This week on The M&M Report, Devin Mitchell and I sorted through our slightly disappointed feelings about Trainwreck, the new comedy film from director Judd Apatow and star/screenwriter Amy Schumer.
I also reviewed the movie for the blog. For further reading, check out thoughtful analysis from Dana Stevens, Alyssa Rosenberg and Wesley Morris.
Peruse the M&M Report category page for previous episodes of the podcast. Thanks for listening!
Judd Apatow’s filmmaking style is either generous or lazy, depending on your vantage point. To a one, his movies run too long, with individual scenes stretching past their comedy expiration time, zany supporting players and celebrity cameos filling out (or overstuffing) the ensemble, ideas and themes and conventions and subversions jockeying for space. You leave one of his movies feeling sated – sometimes satisfyingly so, but other times like the feeling you get when you eat a little too much, a little too fast.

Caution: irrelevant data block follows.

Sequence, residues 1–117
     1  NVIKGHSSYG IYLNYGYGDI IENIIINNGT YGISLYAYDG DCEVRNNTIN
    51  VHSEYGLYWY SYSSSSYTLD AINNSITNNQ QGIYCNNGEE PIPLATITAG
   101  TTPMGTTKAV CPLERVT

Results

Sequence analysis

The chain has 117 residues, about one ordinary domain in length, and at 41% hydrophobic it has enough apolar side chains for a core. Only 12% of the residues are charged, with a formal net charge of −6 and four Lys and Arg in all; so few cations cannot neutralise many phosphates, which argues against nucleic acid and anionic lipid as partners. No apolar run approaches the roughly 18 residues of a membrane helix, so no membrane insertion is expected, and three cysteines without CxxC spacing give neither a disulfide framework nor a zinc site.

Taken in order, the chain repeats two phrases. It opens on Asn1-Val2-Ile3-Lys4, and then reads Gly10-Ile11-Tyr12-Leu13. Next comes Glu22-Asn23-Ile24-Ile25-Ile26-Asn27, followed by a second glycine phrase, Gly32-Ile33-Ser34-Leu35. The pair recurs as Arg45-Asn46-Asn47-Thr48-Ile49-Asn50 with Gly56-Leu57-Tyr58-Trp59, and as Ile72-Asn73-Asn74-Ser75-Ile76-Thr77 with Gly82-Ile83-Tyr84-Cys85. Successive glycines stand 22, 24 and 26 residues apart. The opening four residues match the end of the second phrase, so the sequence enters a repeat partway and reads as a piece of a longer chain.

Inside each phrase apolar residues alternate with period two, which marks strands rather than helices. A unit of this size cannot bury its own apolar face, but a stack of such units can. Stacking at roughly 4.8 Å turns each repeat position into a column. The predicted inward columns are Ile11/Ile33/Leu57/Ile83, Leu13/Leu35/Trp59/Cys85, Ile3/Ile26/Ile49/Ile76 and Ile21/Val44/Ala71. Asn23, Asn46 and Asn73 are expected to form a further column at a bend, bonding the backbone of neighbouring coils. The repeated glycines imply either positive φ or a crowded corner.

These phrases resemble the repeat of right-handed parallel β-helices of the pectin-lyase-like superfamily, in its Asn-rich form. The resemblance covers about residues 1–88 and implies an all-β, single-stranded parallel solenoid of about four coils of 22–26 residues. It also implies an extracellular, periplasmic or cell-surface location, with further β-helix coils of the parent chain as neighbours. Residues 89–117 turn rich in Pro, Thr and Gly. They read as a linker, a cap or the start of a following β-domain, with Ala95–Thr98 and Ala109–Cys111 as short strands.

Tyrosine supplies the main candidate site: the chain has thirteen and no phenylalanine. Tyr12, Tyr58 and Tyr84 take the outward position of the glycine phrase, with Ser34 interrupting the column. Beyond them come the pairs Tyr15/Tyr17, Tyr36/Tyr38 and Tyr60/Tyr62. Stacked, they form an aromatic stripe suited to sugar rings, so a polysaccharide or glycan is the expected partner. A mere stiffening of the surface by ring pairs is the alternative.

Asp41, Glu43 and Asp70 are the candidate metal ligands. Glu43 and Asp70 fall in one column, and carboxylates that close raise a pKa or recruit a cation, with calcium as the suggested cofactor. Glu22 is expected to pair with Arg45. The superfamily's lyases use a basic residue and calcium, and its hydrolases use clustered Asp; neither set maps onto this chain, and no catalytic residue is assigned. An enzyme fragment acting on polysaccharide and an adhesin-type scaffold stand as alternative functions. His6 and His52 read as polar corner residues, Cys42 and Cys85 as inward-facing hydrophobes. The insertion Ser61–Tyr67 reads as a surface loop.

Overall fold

This comedy of excess makes for an awkward fit with the simultaneous goal of launching a young up-and-comer’s career as a movie star. The rise of Amy Schumer – as an actress, a character, a persona and a brand – is one of the big stories of Trainwreck, Apatow’s fifth directorial feature.